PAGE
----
On the other hand, pricing continues to be another hurdle for greater EV adoption. According to Cox Automotive, the average transaction price for a vehicle in the U.S. was around $48,000 in September 2023; for EVs, the number was between $53,000 and $60,000. The higher price tag for EVs tends to be a result of manufacturing costs remaining more expensive than they would be for producing gasoline-powered vehicles, given the auto industry’s substantially longer experience making internal combustion engines compared to EV technologies and the still-inflexible EV supply chain. High interest rates render borrowing money for car payments more expensive, along with inflation reducing consumer purchasing power and global supply chain disruptions contributing to the issue as well. According to S&P Global Mobility, while 86% of U.S. car buyers were considering an EV in 2021, the number fell to 67% in 2023. Despite government tax credits, investing in a relatively more expensive EV purchase is a hefty request for many American consumers concerned about short-term costs in today’s economy.
Effects on the Auto Industry
The auto sector is facing the classic problem for a sector in transition, i.e., growing supply to pace with developing demand. The current market condition is not a problem of declining demand but supply outpacing demand and the auto industry is already making corrections. Ford, having opened reservations for its fully electric F-150 Lightning model in May 2021, closed them by the end of the year due to excess supply, and by September 2023, announced it was ramping up production of its hybrid F-150s in response to lowered than anticipated sales of the Lightning. Lucid, a high-profile luxury EV brand, has seen two consecutive quarters of weaker than expected demand, most recently delivering 600 fewer of its Air luxury sedans than Wall Street had expected in the second quarter of 2023. Tesla’s aggressive price cuts have hindered the growth of competition in the EV industry, with two-thirds of all EVs sold by the Elon Musk-owned automotive giant, as consumers find it difficult to afford suitable alternatives. At the end of the second quarter of 2023, several automakers announced their decision to move to the Tesla charging standard, stranding many vehicles on factory floors with an obsolete charging outlet, thus further exacerbating the dilemma.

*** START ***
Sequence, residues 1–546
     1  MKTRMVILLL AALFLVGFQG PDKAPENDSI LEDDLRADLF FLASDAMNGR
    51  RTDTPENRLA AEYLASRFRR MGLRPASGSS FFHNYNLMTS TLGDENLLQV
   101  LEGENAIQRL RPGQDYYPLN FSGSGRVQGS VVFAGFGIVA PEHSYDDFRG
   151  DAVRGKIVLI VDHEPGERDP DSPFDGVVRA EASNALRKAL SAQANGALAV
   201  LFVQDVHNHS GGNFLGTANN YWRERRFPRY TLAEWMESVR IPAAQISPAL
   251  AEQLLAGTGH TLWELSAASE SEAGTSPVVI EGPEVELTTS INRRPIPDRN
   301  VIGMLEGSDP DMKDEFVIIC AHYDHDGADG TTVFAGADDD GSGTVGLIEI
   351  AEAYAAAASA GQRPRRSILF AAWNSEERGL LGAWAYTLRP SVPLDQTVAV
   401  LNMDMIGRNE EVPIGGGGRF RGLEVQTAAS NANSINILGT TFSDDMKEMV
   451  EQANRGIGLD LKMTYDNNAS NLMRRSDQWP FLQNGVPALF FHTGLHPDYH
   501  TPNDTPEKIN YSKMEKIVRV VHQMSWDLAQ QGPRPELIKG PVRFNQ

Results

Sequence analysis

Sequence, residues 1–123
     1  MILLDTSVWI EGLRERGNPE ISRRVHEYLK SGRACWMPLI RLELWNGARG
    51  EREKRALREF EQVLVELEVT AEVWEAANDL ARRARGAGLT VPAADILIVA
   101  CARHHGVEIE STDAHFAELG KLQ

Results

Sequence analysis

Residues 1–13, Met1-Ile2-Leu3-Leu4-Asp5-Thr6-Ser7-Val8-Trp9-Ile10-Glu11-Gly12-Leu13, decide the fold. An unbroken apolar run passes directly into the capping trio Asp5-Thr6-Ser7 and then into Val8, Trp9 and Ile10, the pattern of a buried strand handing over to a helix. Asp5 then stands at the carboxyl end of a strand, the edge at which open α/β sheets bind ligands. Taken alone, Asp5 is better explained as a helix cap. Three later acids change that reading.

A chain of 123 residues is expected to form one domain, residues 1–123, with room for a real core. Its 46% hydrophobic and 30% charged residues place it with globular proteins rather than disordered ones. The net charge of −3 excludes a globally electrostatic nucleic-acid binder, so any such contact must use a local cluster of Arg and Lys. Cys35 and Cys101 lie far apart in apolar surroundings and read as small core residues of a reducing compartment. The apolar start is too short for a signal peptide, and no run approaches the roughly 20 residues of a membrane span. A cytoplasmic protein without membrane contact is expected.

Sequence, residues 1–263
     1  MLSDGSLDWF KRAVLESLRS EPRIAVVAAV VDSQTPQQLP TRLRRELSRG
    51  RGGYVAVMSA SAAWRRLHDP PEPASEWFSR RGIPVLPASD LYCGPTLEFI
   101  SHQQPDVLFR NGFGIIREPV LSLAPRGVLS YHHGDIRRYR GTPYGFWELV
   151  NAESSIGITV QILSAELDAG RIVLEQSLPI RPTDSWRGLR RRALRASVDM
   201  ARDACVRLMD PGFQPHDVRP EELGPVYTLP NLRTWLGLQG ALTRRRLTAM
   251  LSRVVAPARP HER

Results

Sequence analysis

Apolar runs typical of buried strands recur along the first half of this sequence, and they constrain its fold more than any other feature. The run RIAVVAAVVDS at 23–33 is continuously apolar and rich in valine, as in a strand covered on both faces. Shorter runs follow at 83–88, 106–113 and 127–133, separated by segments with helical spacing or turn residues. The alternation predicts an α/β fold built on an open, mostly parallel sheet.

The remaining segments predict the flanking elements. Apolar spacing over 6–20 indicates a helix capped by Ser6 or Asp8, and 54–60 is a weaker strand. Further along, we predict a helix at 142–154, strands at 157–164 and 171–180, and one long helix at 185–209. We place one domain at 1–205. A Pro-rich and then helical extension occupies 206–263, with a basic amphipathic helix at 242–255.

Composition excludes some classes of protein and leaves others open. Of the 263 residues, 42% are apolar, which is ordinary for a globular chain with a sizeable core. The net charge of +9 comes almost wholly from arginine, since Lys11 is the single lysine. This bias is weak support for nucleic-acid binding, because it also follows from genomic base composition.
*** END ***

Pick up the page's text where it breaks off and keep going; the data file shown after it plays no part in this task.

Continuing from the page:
Pushback against public sector efforts to mandate EV adoption may also reshape expectations for how the auto industry will move forward in the coming decade. On November 8, the U.S. Senate voted 50-48 to overturn Biden’s decision to waive some “Buy America” requirements for government-funded electric vehicle charging stations. Western lithium and graphite miners have started charging the EV supply chain higher prices to reduce dependence on Chinese supply of these materials. Owing to anxieties over cheap Chinese-manufactured EVs flooding the American market as has happened in Europe and a potential Chinese monopoly of rare earth minerals critical in EV production, these protectionist moves on an already inflexible EV supply chain are likely to further delay progress toward the administration’s vehicle electrification aims. EV adoption also remains inconsistent across U.S. regions, being significantly lesser in states like Texas where gas prices and home energy rates are lower, compared to others like California where the opposite is true. Nonetheless, there are reasons to remain optimistic about the long-term growth of EV sales in the auto industry – an S&P study in 2023 showed that people were willing to accept charging times of less than an hour and less range on an EV compared to a gasoline equivalent, and while the number of EV buyers fell from 2021 to 2023, it was still higher than in 2019. Understanding that a gradual shift towards electricity-powered vehicles is still probable, individuals and businesses alike should note that it will likely occur over a longer period than analysts and policymakers predict. Meanwhile, greater hybrid vehicle production and purchasing could generate a slew of new opportunities in the short to medium term.